Lowland Game Shooting Study
Biodiversity on lowland farm landscapes has been in decline since before the middle of the last century, largely as a result of agricultural intensification. However, a number of demonstration projects and studies on specific habitats have shown that management for shooting has the effect of slowing or even reversing such declines. But are these effects general and widespread?
The purpose of the Lowland Game Shooting Study was to establish the importance of shooting in maintaining rich wildlife and a diverse countryside throughout the British Isles and not just at sites where best practice is actively promoted.
The study was undertaken by the Institute of Terrestrial Ecology (ITE, now the Centre for Ecology and Hydrology) under contract to the British Association for Shooting and Conservation (BASC). The project steering group comprised BASC, ITE and English Nature.
The two-year study (1997-1998) examined the influence of game shooting on the management of arable and pasture areas of lowland Britain.
The first element assessed land cover and woodland habitats, comparing areas managed for game with areas not so managed. Data was analysed from the latest ITE Countryside Survey (1990), a national survey of land cover and vegetation based on sampled 1 km squares.
The second element studies the history of woodlands within a subsample of these squares. Maps were used that went back over a century, supplemented by discussions with landowners and managers.
The third element was a field study of habitats, flora and fauna on a random sample of paired 1 km squares. Each pair consisted of a ‘game square’ i.e. with evidence of game management and a ‘non-game square’ i.e. with no such management. Each pair was selected to be as similar as possible in terms of environmental conditions and landscape structure.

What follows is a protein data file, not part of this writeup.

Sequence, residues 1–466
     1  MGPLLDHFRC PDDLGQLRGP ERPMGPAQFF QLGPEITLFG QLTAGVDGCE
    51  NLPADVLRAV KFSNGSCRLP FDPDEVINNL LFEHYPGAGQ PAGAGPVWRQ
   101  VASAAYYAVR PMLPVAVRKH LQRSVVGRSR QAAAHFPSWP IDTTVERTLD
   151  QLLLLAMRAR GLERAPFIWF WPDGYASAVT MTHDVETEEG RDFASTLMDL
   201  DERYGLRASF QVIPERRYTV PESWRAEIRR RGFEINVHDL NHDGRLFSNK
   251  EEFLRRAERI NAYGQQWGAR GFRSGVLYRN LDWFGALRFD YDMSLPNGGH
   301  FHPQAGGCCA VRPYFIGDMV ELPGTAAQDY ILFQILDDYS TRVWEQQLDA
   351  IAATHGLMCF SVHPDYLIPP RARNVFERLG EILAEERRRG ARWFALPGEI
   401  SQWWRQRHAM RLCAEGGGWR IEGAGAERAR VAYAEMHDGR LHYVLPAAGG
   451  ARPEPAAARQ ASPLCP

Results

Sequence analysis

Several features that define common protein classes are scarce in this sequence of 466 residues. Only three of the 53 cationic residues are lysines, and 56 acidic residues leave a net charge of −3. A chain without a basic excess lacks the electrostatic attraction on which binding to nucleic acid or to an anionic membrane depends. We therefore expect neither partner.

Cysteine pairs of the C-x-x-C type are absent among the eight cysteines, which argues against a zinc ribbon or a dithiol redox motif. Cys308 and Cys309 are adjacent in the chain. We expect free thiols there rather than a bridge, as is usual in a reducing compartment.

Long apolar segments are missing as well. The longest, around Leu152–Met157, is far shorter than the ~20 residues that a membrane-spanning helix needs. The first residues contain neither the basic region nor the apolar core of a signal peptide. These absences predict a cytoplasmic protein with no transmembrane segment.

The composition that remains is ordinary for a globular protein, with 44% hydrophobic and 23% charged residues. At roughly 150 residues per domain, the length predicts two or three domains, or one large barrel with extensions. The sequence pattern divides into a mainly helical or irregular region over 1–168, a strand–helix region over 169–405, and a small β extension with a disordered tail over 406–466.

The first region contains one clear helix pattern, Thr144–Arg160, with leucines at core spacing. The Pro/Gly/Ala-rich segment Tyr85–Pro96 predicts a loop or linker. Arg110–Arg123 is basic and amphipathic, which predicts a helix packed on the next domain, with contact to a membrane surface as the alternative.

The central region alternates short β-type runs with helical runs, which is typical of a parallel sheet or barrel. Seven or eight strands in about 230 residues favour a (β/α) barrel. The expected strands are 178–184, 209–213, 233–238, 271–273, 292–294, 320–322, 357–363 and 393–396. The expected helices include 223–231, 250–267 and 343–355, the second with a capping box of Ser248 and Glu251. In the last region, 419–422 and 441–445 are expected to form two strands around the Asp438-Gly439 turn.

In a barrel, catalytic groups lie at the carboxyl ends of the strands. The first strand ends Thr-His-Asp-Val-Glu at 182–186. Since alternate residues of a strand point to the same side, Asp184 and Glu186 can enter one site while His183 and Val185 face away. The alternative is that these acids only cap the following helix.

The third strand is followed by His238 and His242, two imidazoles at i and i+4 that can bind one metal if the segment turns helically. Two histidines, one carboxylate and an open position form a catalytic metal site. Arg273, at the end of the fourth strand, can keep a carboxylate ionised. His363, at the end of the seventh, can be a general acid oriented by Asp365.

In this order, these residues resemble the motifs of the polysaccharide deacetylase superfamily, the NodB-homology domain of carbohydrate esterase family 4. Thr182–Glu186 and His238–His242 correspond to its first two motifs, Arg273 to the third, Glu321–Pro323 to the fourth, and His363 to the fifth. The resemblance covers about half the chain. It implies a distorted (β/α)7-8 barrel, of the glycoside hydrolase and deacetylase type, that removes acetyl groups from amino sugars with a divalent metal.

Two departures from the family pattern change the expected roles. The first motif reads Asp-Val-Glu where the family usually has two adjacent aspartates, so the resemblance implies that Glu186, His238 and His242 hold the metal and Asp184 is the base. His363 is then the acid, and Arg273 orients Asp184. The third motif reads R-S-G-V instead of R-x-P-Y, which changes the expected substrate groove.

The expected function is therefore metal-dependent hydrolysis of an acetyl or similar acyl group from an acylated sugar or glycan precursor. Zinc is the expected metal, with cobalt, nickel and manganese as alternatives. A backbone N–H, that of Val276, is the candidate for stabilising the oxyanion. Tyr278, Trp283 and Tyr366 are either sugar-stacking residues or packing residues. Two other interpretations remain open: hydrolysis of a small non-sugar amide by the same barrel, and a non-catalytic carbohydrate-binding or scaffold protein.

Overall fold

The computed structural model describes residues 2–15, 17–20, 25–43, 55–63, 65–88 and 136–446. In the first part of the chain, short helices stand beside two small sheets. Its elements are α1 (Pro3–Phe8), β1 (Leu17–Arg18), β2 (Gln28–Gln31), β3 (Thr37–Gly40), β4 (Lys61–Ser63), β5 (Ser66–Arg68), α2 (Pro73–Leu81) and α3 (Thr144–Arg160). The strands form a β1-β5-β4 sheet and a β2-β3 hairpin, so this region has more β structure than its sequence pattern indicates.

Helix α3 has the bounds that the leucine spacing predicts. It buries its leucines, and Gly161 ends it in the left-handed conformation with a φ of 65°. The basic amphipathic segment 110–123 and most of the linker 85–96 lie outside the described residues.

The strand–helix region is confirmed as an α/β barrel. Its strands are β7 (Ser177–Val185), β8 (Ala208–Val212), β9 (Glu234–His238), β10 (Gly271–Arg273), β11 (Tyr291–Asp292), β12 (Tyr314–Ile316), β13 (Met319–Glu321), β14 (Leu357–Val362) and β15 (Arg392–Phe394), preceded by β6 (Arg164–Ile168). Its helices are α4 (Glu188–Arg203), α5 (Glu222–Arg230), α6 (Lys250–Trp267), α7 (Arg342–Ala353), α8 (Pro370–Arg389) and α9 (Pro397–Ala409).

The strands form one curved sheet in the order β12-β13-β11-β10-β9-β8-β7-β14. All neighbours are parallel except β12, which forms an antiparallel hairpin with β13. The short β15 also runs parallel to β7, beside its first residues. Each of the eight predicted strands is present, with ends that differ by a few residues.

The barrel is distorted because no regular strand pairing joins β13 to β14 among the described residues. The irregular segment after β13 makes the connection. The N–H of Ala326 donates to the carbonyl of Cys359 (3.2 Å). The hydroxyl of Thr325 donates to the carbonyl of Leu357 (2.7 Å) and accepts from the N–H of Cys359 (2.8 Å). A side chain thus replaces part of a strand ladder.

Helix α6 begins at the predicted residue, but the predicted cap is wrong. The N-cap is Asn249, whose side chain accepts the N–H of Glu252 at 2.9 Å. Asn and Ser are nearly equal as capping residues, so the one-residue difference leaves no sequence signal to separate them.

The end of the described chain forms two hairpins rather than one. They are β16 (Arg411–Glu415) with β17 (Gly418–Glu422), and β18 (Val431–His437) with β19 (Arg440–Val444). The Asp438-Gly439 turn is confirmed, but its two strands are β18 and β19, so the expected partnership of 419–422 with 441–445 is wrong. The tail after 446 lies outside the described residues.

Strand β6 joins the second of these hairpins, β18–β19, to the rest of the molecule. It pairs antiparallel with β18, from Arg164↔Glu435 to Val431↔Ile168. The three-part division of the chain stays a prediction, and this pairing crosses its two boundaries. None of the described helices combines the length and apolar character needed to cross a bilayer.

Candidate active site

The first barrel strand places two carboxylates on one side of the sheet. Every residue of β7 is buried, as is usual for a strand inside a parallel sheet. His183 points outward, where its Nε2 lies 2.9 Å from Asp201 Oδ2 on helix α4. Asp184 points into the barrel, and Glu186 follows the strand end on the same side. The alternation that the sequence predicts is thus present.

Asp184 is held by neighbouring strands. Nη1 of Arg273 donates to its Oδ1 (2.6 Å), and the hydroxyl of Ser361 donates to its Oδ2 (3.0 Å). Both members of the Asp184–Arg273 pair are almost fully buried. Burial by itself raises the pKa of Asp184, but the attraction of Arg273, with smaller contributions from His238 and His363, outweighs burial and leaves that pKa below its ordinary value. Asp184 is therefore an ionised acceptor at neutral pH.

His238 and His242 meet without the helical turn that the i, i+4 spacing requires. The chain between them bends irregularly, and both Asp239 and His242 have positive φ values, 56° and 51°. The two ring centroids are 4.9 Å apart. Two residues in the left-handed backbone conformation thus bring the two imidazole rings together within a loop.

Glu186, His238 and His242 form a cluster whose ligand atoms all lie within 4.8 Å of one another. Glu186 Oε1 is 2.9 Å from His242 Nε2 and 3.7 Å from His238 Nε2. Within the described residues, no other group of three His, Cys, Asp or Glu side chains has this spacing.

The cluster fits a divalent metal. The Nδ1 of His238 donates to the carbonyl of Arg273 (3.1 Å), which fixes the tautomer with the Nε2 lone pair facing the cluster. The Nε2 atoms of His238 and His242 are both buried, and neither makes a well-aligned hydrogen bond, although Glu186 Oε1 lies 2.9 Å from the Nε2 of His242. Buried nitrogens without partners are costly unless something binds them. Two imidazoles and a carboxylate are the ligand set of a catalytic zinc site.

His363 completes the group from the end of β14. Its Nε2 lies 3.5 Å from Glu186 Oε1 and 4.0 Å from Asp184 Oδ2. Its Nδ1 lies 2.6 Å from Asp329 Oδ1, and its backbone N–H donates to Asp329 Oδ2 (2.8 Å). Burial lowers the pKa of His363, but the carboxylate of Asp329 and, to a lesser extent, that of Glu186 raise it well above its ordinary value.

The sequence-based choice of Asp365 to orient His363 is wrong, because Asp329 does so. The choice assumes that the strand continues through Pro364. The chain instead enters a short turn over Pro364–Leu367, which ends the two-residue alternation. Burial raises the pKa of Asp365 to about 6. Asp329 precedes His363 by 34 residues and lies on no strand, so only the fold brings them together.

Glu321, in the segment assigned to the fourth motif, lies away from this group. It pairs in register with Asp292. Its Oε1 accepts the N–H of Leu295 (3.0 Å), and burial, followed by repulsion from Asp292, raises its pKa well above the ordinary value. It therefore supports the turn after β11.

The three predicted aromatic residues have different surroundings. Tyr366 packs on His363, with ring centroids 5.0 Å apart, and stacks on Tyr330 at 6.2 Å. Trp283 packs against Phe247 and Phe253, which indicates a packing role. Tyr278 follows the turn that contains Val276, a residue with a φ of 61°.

The fourth element considered how habitat area and landscape composition differed between game and non-game squares and the implications for biodiversity. The results were used in a computer model to evaluate the effects of landscape change on game squares that would improve biodiversity and be compatible with game shooting and agricultural interests.
Unlike many other studies, the study sites were selected at random and not ‘cherry-picked’ to represent the best. Comparisons were therefore designed to be conservative, tending to underestimate, rather than overestimate, any effects.
The results were brought together to suggest guidelines to landowners and shoot managers for improving the benefits to biodiversity from landscapes managed for game.
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